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A surprise to no one, Q is more of a fussbucket than she's been in some time. Working on-property near Stan and Griffin is going to be absolutely impossible to do with the hope of achieving anything worthwhile. The one ride we had there cemented that for me as she stared longingly at them the whole time, would only bend her body in their direction, and even called to them twice (something she's never resorted to before).
She's always been this way re: friends and work ethic. When we had trail access from the old barn, I knew it would take us about a mile before she'd start to settle and pay more mind to me/the task at hand than fussing about where her friends were. I had a very brief mental break as I rode her (at the walk with many walk-halt and rein-back transitions and attempts at changes in bend) the other night irrationally thinking I would have to give up on her forever because no matter what I try she always acts this way. But then I reined myself in (quite quickly!) and remembered how fun she was when we did the ride with Dan and Lauren a week ago - leading for a far majority of the ride and only spooking very mildly once or twice.
I may not be able to work her undersaddle on-property this summer, but that isn't the end of the world. I'm not giving up on riding her on the property, but at this moment, I know it would result in fights that will setback our progress and if I'm picking battles, this isn't the one where I care to play my hand. There are plenty of nearby trails to work on and it wouldn't kill either of us to spend some time on groundwork. All is going to be fine. This is just an adjustment period and we'll work through it.
Powder Keg /ˈpoudər ˌkeɡ/ noun - a horse so full of energy that the tiniest brush of your leg will set him off and make you realize that halt to canter transitions are the simplest things for him; a horse who takes great offense to "real work" and insists constantly on hopping in place squealing
This shithead has too much energy and not enough outlets. He was the main instigator of all play and shenanigans in his old herd. He utilized the space better than the others, running, bucking, and showing off in an attempt to get the other horses to play. If they wouldn't he'd goad them into it by nipping them or humping up his back feigning a barrel kick in their general direction.
Now he's left with only Q and Stan, who aren't very playful, in a much smaller space than he's accustomed. And I'm left with a horse who has an abundance of energy when I choose to ride.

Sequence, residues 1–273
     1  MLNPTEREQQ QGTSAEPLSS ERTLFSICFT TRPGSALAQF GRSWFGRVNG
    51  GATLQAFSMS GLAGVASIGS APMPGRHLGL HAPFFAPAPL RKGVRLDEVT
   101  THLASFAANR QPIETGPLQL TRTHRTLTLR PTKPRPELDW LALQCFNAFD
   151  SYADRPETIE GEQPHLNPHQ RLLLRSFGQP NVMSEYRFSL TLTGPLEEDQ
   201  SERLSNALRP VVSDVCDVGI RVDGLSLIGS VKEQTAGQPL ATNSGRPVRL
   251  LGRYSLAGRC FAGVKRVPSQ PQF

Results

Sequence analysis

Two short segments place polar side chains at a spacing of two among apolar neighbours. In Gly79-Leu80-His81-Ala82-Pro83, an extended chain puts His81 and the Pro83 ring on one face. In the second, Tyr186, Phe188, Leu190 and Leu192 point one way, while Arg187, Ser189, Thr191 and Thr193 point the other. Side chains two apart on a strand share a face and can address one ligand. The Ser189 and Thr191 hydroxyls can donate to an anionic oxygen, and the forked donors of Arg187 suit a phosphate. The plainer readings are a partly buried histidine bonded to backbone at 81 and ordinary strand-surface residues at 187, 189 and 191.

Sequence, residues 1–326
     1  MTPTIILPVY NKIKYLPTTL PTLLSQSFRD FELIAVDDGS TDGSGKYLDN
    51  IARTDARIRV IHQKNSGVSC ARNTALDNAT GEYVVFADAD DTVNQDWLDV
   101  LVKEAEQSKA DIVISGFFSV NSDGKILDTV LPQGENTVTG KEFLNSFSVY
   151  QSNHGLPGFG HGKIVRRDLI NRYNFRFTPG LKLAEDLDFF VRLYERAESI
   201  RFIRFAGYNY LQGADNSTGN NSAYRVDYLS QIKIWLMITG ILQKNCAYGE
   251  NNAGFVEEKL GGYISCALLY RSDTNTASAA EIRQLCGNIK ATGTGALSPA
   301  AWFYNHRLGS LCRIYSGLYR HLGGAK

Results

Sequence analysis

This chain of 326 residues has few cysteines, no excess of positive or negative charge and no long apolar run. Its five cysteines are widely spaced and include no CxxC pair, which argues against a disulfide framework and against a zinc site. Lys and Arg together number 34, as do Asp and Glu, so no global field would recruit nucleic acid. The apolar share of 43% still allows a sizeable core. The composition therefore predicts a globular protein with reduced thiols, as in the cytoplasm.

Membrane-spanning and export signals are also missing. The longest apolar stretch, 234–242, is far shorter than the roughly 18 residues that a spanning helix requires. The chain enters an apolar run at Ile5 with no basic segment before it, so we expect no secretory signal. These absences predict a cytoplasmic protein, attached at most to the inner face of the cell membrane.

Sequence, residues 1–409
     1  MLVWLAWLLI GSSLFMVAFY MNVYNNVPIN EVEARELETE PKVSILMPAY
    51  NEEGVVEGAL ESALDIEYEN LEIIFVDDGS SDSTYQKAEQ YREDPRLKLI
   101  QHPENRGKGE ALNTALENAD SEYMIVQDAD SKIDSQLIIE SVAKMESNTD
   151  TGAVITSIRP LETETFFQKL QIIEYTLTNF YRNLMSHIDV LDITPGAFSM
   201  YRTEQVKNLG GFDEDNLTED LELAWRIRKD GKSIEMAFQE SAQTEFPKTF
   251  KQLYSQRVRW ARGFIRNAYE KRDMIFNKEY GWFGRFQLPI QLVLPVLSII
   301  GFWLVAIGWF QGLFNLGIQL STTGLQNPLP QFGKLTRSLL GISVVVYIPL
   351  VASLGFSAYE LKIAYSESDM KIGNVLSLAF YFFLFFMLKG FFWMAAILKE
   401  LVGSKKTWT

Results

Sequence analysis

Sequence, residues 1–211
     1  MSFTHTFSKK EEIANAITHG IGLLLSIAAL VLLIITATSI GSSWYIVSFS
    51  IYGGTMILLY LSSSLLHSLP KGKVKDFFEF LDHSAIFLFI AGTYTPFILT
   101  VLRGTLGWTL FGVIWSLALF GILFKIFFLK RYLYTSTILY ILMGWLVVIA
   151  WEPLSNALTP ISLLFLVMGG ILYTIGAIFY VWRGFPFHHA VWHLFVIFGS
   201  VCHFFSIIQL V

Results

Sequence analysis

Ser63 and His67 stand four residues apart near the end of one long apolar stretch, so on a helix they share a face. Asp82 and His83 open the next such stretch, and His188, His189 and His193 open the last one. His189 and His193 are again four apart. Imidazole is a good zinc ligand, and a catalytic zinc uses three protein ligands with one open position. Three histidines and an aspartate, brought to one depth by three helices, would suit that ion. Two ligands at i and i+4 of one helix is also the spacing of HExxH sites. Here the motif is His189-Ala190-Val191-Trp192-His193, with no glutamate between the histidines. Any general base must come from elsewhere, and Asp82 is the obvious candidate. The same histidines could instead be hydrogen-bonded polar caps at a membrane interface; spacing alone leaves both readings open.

As with the Q issue, it definitely isn't the end of the world, but criminy is it an adjustment. I've lunged him some pre-ride to get the willies out, but I still had a powder keg under me when we began working. So I put him to work, going through a handful of the exercises we practiced during our recent lessons. Move your feet, use your body, and do it correctly.
Except, well, Grif has Opinions, yes with a capital "O", about the work quite frequently. He'll squeal, grunt, get light in the front end and the hind end, and my personal favorite (read: biggest annoyance) feign falling over dramatically in which he giraffes his head and nose as high as he can while his left side falls out from underneath you as he flings himself about leaving the rider with the sensation that he's going to crash down on his side until he "catches" himself at the last second and stays upright. It's about as fun as it sounds and exceptionally unnerving.
So, um, yeah. We're working through this. I'm not quite sure what combination of things in my toolbox it's going to take yet, but I'm far from running out of ideas. Worst case, I'll trot his sassy ass across the road and make him climb a 1,000-foot incline and see how he feels after that! (Though he'll probably just get fitter and stronger with his shenanigans. lol)
Ho-Hum /ˌhōˈhəm/ noun - a horse who is lackadaisical about every day life, who is generally pleased with (and bored with) the world around him; generally a pleasure to be around. See also: bombproof, plod-along, ol' reliable
And then there's Stanley. My ol' reliable. He could care less about this change in his life. He gets a daily mash, is herd boss again, has a mare, and the temperatures are cooler with a near-constant breeze. He's happy as a clam and not upset at all about the goings-on around him.
I keep thinking I should ride him/work him more, but then I ask myself why? He's happy, healthy, and there is no doubt anywhere in my being that he's going to be perfect when he is ridden again. It's just how he is. We have no competition goals and to keep him truly fit, he'd need ridden a minimum of 5 days a week - and I don't have that time at the moment! (And likely won't for awhile.)
I do plan to get him acquainted with a few friends in short order, though! They'll keep him busy and help get his fitness back to a respectable place. All I want for him is to be fit enough to conquer our trails at a trot with a few canter bursts. He loves fast trail riding like that and I want nothing more than for him to be fit enough to enjoy it.
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What nicknames/terms do you use to describe your horse's behaviors and mannerisms? Do you find that these traits present themselves more in times of change/stress or are they present all the time?